Day-trippers will have to sign up online the day they plan to visit and pay a fee ranging from 3 euros to 10 euros per person.
Venice has unveiled specifics for its new tourist fee that will be implemented next year.
The new tax will go into effect on Jan. 16, 2023, and will apply to day-trippers only, The Associated Press reported, citing officials in the canal city. The city had initially planned to implement the tourist fee this summer as a way to combat overtourism, but decided to push it to next year in May.
Simone Venturini, Venice’s councilor for tourism, called the tax a “great revolution,” reported.
"Venice is a living city and it has to stay that way," Venturini said, explaining the goal was to reduce "tourist peaks."
Day-trippers will have to sign up online the day they plan to visit and pay a fee ranging from 3 euros to 10 euros per person, depending on the time of year and how crowded the city is, the AP reported. Those who don't pay the tax will risk a fine up to 300 euros (or $315).
Children under 6 will be exempt from the fee. Overnight visitors who book a hotel stay will also be exempt as they already pay a €5 ($5.33) per night tax.
About four-fifths of all tourists who visit Venice go for the day with about 19 million day-trippers visiting in 2019, according to The AP.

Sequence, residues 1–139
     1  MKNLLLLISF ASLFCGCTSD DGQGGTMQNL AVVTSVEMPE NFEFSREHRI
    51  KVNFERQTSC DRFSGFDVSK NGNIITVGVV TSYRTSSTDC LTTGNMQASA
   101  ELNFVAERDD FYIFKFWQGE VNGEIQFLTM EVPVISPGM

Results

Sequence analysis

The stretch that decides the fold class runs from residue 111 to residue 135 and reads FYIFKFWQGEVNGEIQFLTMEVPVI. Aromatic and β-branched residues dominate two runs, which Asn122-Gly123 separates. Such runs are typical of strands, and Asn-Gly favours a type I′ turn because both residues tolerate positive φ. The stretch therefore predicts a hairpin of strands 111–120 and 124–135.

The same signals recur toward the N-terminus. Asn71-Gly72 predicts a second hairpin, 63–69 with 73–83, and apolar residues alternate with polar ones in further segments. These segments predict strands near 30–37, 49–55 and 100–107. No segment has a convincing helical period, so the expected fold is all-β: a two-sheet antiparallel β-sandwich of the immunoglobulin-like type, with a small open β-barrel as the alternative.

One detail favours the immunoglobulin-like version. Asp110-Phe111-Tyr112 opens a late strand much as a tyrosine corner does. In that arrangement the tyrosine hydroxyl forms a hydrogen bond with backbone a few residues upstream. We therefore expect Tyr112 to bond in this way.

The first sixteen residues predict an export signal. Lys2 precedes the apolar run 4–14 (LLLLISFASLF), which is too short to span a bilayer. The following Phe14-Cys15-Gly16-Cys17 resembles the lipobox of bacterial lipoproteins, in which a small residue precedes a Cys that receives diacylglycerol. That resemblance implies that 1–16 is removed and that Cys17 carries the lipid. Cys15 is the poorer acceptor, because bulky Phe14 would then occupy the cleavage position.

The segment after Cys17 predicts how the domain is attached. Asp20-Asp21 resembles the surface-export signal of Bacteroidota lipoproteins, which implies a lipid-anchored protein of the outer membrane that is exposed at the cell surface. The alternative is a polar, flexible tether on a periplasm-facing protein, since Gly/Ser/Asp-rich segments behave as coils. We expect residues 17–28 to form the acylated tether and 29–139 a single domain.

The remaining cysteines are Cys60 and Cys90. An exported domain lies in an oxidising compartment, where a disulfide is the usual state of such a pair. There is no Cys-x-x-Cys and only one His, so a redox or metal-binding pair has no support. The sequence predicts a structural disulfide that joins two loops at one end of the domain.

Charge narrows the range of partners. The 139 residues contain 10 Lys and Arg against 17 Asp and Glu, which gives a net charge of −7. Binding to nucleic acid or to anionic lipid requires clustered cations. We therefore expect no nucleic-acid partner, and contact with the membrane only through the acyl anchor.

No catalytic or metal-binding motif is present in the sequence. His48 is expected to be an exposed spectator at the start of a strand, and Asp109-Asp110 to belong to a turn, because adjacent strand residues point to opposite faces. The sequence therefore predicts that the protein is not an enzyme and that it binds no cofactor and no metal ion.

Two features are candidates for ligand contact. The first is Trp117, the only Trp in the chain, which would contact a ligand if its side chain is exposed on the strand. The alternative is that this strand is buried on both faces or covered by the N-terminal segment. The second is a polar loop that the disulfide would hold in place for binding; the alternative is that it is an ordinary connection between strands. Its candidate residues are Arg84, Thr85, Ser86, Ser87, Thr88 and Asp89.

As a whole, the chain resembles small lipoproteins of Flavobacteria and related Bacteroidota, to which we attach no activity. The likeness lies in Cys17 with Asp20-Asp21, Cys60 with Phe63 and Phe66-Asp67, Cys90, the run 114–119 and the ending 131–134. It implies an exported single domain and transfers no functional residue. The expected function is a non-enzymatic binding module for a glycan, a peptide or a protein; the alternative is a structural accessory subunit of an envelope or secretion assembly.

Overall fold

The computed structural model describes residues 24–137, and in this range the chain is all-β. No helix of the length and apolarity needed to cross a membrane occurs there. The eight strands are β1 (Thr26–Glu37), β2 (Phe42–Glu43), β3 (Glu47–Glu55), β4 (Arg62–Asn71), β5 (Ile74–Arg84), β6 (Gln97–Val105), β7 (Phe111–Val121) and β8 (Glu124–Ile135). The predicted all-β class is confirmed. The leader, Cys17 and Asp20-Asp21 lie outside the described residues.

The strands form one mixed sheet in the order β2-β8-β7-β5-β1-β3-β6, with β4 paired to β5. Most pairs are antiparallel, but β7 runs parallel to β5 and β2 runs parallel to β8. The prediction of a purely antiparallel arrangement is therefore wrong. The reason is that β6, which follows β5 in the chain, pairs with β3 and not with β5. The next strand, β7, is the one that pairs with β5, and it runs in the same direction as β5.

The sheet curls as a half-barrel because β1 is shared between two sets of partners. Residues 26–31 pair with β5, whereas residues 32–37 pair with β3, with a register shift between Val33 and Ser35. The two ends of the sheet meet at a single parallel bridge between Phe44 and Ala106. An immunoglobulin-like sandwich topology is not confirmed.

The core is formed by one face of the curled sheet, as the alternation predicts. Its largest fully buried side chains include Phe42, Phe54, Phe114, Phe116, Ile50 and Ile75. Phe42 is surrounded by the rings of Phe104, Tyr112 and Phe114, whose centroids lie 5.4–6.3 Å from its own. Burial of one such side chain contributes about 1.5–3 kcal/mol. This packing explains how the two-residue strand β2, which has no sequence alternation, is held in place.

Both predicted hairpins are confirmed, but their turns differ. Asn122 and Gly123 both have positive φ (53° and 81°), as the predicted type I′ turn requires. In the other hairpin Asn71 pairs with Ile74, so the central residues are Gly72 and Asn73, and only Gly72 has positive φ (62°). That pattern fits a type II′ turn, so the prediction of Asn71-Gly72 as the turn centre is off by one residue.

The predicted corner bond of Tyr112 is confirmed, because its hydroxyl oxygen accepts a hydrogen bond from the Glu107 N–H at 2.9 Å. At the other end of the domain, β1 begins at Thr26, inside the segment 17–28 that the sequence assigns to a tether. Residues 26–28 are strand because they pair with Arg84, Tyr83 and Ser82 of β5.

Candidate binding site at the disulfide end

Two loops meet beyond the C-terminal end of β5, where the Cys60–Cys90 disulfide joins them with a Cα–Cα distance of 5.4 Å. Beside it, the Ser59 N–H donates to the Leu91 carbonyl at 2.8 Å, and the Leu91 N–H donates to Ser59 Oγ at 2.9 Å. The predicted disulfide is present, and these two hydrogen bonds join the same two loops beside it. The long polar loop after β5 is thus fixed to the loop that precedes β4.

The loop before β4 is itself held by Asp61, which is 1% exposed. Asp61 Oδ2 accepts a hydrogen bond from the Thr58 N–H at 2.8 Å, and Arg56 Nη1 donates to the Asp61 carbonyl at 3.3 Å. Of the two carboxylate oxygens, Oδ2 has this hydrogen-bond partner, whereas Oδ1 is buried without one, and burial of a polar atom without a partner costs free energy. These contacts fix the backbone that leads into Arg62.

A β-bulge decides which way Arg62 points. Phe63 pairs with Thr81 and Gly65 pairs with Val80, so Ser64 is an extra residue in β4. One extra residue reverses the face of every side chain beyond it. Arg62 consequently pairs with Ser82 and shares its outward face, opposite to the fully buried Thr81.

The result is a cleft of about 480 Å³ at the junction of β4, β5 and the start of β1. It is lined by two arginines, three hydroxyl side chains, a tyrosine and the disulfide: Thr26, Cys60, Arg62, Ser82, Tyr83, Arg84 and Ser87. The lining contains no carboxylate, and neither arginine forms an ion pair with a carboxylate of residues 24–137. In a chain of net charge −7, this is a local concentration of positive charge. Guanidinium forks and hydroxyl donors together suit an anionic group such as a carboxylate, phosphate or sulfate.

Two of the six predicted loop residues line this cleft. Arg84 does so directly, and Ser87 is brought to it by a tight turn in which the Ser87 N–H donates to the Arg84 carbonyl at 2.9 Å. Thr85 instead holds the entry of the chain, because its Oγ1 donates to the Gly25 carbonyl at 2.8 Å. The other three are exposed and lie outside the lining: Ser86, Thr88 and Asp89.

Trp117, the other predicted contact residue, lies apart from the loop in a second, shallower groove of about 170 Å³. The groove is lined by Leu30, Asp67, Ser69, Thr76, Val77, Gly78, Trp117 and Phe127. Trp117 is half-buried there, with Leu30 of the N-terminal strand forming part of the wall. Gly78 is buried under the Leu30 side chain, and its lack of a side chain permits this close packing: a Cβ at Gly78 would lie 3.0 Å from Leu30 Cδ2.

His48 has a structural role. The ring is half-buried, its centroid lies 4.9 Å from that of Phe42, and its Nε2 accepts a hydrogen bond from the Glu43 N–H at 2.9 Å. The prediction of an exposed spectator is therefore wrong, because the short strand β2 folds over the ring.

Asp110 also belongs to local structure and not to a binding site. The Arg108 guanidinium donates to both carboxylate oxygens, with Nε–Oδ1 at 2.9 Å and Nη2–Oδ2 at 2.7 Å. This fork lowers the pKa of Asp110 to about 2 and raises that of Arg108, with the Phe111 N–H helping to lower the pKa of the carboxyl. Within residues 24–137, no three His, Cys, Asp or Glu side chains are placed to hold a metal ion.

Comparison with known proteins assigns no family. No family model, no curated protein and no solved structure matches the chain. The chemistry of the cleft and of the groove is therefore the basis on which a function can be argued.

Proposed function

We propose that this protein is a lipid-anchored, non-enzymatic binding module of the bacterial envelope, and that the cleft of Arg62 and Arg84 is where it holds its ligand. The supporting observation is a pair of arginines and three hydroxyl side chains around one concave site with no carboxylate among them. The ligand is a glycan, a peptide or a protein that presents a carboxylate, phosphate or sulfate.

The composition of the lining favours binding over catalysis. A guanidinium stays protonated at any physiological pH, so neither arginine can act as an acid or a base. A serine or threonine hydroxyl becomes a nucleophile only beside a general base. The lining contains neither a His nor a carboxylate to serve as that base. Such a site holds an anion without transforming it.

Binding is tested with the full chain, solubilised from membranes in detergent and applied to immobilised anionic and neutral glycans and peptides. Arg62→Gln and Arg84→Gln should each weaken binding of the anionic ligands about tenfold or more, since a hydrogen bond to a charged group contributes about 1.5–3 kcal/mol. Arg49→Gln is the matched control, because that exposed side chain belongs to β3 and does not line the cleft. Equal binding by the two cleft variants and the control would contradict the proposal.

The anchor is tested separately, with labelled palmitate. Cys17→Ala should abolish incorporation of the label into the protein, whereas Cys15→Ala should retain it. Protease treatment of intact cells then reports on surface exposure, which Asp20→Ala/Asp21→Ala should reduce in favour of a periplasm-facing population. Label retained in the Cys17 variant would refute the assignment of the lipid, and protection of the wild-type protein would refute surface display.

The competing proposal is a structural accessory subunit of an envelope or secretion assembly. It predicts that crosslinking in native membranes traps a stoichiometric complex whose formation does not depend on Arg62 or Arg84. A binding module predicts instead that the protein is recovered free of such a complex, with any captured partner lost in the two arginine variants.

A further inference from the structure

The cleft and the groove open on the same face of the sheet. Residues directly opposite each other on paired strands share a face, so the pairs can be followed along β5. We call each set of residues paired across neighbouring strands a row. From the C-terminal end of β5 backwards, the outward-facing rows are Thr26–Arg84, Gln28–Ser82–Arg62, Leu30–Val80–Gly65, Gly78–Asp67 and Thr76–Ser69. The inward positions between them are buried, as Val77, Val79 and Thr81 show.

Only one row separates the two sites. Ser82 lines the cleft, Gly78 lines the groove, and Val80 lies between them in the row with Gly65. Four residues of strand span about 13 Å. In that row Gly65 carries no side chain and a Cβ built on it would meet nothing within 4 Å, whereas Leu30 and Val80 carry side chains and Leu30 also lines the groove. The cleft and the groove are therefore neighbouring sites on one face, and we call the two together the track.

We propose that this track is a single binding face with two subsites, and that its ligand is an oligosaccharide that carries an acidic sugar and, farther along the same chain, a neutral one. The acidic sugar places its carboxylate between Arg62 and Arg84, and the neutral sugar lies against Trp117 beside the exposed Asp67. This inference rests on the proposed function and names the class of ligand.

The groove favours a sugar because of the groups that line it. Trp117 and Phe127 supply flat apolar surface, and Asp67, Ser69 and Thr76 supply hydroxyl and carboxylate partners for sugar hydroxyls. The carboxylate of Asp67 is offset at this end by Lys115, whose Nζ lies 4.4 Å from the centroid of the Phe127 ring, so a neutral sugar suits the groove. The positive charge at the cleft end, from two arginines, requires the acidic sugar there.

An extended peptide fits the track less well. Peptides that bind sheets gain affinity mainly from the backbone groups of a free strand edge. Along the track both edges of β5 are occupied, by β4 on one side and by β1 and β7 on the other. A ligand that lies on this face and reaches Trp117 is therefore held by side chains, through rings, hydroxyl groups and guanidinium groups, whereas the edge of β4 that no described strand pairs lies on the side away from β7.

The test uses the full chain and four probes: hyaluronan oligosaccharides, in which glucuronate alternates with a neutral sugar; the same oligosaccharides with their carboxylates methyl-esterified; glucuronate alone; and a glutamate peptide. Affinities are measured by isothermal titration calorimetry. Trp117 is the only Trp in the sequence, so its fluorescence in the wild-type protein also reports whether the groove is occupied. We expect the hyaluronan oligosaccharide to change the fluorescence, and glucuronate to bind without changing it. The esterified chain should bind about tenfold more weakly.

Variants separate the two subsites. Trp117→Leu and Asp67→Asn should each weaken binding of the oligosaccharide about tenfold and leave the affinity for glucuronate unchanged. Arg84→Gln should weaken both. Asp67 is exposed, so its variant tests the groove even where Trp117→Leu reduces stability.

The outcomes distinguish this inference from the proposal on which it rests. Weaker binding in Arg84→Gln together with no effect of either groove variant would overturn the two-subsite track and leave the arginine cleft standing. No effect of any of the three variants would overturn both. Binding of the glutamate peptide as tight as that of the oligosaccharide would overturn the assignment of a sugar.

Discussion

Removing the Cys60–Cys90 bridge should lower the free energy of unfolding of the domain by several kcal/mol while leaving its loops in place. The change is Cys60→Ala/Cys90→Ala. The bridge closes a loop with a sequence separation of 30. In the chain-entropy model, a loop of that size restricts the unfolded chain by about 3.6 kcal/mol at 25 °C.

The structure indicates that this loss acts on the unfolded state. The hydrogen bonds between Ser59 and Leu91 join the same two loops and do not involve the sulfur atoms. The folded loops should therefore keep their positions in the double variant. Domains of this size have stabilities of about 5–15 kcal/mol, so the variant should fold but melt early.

The fee, which has been a consideration since 2019, is Venice’s latest effort to combat overtourism. The idea has been boosted by the near immediate improvement the city saw after the pandemic halted tourism, including allowing its famous canals to start to clear up.
Last year, Italy declared the waterways around Venice a “national monument,” and banned large cruise ships from the lagoon basin near St. Mark’s Square and the Giudecca Canal. Venice’s efforts have since earned it a reprieve from being included on the UNESCO World Heritage danger list.
Italy welcomes travelers from the United States and does not require them to show proof of vaccination or proof of a negative COVID-19 test to enter. The country has also stopped requiring visitors to show proof of vaccination to visit places like restaurants, bars, and museums.